What can be done about exaggerated claims?
The long-awaited Supreme Court judgment in Fairclough Homes Ltd v Summers  was finally delivered on 27 June. The facts of the case can be summarised briefly: the claimant suffered a genuine injury but grossly exaggerated his ongoing disability, reflected in the fact that his pleaded claim originally exceeded £800,000 (excluding general damages and interest) but he was awarded only £88,717 (excluding interest). Barely, therefore, ten per cent of his original claim.
The appellants, Fairclough Homes, who were the original defendants, contended before the trial judge that:
- The claim should be struck out for being tainted with fraud as an abuse of the process under 3.4(2) and/or under the courts’ inherent jurisdiction;
- The claimant should be denied interest from June 2007 (the trial judge having made a finding of fact that the claimant was fit for work from that date);
- The claimant should pay the defendant’s costs post the (earlier) liability judgment or there should be no order as to costs;
- Permission should be given for contempt of court proceedings.
Contempt of court
The trial judge was bound by precedent (Ul-Haq v Shah  and Widlake v BAA ) and could not strike out the claim, but gave permission to appeal and awarded interest for the full period. He ordered the defendant to pay the claimant’s costs to February 2008 and the claimant to pay the defendant’s costs of obtaining surveillance evidence prior to that date, but there was no order as to costs from March 2008 (the original judgment was handed down in February 2010). He also declined to give permission for contempt of court proceedings. There was no appeal in relation to interest, costs or the refusal of permission for the contempt proceedings.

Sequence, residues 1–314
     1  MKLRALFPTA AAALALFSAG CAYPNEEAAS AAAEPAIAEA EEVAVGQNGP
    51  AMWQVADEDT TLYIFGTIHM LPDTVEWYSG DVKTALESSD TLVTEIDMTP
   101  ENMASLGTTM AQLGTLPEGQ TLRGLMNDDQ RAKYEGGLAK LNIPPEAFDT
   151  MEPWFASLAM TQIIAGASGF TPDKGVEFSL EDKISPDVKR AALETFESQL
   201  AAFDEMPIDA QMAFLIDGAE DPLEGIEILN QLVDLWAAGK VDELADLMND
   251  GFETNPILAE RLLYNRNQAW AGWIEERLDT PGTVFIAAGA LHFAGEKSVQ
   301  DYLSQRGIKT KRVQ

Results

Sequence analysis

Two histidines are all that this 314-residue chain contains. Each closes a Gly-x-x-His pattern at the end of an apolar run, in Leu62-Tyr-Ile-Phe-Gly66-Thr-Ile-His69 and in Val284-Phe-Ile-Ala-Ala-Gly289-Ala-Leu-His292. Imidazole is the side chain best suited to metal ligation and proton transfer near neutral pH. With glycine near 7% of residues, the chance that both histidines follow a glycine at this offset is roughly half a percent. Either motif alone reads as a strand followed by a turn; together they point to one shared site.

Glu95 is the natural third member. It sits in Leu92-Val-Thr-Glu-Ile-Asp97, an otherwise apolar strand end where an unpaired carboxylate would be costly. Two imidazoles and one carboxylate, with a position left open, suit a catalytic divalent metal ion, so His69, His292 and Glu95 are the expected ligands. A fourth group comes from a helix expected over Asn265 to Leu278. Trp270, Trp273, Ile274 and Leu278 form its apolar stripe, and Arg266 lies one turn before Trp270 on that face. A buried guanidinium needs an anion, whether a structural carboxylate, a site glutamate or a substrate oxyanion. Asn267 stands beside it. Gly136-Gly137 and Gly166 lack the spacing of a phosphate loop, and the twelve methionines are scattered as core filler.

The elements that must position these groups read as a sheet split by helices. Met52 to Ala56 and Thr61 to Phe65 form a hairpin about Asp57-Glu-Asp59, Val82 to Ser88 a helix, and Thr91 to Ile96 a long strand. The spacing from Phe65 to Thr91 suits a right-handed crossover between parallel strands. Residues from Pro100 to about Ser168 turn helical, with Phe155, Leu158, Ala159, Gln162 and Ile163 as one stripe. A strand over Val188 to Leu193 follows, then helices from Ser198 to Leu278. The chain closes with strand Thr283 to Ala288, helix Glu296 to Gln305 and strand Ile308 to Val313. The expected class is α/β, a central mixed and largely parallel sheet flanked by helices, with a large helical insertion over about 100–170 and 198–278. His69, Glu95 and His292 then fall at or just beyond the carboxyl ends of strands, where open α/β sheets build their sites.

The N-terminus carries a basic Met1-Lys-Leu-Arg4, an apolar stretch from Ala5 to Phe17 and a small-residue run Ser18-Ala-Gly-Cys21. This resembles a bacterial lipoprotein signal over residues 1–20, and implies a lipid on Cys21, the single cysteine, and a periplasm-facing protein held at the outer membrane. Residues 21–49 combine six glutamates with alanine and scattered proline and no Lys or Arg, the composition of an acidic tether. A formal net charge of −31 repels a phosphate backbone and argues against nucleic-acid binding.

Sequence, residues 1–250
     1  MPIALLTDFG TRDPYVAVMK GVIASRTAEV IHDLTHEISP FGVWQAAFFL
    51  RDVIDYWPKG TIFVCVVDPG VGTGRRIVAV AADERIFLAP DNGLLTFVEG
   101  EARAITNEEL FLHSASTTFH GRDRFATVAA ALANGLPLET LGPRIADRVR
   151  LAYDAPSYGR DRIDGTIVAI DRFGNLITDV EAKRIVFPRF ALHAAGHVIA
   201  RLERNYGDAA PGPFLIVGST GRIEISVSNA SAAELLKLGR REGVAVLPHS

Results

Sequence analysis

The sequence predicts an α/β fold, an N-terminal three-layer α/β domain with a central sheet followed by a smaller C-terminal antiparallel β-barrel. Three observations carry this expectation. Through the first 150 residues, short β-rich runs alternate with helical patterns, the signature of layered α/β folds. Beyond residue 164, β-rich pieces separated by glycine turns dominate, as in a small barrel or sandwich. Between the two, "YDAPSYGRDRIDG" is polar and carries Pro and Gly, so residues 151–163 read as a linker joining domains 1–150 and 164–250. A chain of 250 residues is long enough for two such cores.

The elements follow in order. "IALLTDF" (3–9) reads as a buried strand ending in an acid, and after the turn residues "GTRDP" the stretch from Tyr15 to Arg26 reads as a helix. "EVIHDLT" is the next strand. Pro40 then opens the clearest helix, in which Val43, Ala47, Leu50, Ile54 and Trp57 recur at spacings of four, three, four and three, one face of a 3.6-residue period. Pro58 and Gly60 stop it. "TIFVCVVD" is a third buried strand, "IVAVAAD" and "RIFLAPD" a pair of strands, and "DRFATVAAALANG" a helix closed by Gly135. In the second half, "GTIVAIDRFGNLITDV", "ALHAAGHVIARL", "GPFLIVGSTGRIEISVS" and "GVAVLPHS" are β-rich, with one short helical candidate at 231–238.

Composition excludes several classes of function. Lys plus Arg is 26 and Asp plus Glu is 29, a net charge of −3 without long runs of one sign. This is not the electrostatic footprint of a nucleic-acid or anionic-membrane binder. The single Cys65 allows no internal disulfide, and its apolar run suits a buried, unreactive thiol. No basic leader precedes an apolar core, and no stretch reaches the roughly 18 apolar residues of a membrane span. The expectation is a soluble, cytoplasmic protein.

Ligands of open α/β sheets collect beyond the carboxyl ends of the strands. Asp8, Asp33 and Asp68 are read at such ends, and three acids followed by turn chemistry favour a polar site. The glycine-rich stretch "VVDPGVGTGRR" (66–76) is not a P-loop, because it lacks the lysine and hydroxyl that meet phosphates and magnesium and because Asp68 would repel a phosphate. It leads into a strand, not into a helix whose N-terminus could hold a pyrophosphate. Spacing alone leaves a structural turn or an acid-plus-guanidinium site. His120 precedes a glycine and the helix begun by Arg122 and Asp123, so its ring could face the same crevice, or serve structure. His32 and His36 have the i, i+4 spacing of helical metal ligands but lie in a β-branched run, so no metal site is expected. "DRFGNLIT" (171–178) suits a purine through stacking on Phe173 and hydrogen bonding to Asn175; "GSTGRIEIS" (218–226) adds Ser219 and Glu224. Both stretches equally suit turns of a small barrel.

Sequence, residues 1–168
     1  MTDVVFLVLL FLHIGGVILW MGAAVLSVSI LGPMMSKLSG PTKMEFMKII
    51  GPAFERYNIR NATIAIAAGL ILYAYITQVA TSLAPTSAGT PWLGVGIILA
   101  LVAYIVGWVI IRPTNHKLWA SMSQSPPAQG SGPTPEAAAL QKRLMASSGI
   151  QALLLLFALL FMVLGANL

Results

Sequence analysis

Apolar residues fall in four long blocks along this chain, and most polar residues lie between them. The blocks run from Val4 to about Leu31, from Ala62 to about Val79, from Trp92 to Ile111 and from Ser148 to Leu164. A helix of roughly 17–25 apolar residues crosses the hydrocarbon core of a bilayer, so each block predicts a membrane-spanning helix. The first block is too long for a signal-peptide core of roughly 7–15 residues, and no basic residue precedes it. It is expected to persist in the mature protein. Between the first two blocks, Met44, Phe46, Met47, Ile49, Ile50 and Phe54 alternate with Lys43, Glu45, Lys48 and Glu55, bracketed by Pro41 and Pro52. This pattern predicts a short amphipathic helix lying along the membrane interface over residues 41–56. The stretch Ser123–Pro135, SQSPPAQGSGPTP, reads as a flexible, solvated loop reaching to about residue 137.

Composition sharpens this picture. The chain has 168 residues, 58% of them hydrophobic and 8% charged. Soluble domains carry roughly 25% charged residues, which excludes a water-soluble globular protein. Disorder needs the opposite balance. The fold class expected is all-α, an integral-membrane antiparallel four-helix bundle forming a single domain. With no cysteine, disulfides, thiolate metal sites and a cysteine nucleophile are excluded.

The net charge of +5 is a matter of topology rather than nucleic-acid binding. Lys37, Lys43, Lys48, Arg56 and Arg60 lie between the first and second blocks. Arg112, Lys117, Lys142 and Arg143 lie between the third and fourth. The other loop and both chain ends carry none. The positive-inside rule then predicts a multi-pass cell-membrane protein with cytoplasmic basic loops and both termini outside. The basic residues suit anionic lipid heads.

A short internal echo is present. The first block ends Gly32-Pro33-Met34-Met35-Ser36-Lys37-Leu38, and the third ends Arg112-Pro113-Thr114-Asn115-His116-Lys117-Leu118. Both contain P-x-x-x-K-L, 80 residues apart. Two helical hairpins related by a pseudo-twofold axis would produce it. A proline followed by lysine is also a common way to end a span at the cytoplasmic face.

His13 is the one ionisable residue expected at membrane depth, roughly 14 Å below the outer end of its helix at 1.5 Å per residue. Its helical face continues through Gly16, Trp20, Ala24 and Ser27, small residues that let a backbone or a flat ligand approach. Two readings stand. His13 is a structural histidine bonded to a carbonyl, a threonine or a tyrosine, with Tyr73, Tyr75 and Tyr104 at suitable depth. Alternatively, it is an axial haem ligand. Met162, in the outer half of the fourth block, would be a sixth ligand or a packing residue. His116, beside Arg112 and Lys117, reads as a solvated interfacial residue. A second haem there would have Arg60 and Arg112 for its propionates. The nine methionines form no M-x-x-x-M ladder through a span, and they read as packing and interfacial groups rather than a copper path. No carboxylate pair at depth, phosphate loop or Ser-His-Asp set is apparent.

It is right to say that the defendants had, seemingly from a very early stage, decided to pursue an application to strike out, if they successfully established at trial that the claimant had grossly exaggerated his claim (which they did). However, in adopting this strategy, they declined any attempt to settle the claimant’s claim by not making any offers and refusing an invitation to a joint settlement meeting, in the face of several – admittedly too high – offers from the claimant. This approach did not find favour with the trial judge (nor, implicitly, with the Supreme Court) and lay behind his decisions in relation to interest and costs.
Striking out a claim
In relation to the application to strike out the claim after judgment, the Supreme Court, while acknowledging that the power existed, declined to exercise it, finding that it was not just and proportionate on the facts, and said that this power would only be exercised “in very exceptional circumstances.” The Supreme Court also restated that the correct way to deal with such cases was by ensuring the dishonesty did not increase damages, through costs, by reducing interest, proceedings for contempt and criminal proceedings.
One cannot but admire the resolve of the appellant/defendant in taking the course of action that they did and the decision brings clarity to the approach that should taken in the face of an exaggerated claim. As outlined above, it is through the award of damages, costs and interest that immediate condemnation should be expressed, and subsequently through proceedings for contempt and (less likely) criminal proceedings.
Part 36 offer
It is also clear that repugnance in relation to an exaggerated claim should not preclude offers being made to reflect the ‘true value’ of the claim; it is equally clear that failure to do so may remove a defendant from the moral high ground. On the subject of offers, it is interesting to note that in cases such as these, the Supreme Court supports the use of Calderbank offers rather than Part 36, contrary to what we have been hearing from the Court of Appeal in recent months and in particular from Lord Justice Jackson. This allows much greater flexibility and is to be welcomed.
Finally, the Supreme Court has left open the question of whether an earlier application (i.e. before trial) to strike out would have been more successful, because it would have avoided the high cost of the trial. One hesitates to recommend such a course of action in relation to exaggerated claims and case law would seem to be against such a tactic.
Posted on Jul 12th, 2012 by Lyons Davidson